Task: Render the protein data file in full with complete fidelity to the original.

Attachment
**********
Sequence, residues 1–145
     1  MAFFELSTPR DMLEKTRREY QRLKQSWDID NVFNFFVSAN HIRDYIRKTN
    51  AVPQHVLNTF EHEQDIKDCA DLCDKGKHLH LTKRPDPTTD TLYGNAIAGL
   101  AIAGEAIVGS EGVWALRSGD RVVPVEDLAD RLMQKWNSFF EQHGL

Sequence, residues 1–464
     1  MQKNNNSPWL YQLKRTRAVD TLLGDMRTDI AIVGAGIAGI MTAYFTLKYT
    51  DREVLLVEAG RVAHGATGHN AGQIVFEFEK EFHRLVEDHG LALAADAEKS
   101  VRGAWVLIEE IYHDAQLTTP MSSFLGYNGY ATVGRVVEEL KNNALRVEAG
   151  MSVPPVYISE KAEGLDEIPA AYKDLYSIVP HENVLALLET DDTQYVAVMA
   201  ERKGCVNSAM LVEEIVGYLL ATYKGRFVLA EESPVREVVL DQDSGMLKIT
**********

Sequence, residues 1–145
     1  MAFFELSTPR DMLEKTRREY QRLKQSWDID NVFNFFVSAN HIRDYIRKTN
    51  AVPQHVLNTF EHEQDIKDCA DLCDKGKHLH LTKRPDPTTD TLYGNAIAGL
   101  AIAGEAIVGS EGVWALRSGD RVVPVEDLAD RLMQKWNSFF EQHGL

Sequence, residues 1–464
     1  MQKNNNSPWL YQLKRTRAVD TLLGDMRTDI AIVGAGIAGI MTAYFTLKYT
    51  DREVLLVEAG RVAHGATGHN AGQIVFEFEK EFHRLVEDHG LALAADAEKS
   101  VRGAWVLIEE IYHDAQLTTP MSSFLGYNGY ATVGRVVEEL KNNALRVEAG
   151  MSVPPVYISE KAEGLDEIPA AYKDLYSIVP HENVLALLET DDTQYVAVMA
   201  ERKGCVNSAM LVEEIVGYLL ATYKGRFVLA EESPVREVVL DQDSGMLKIT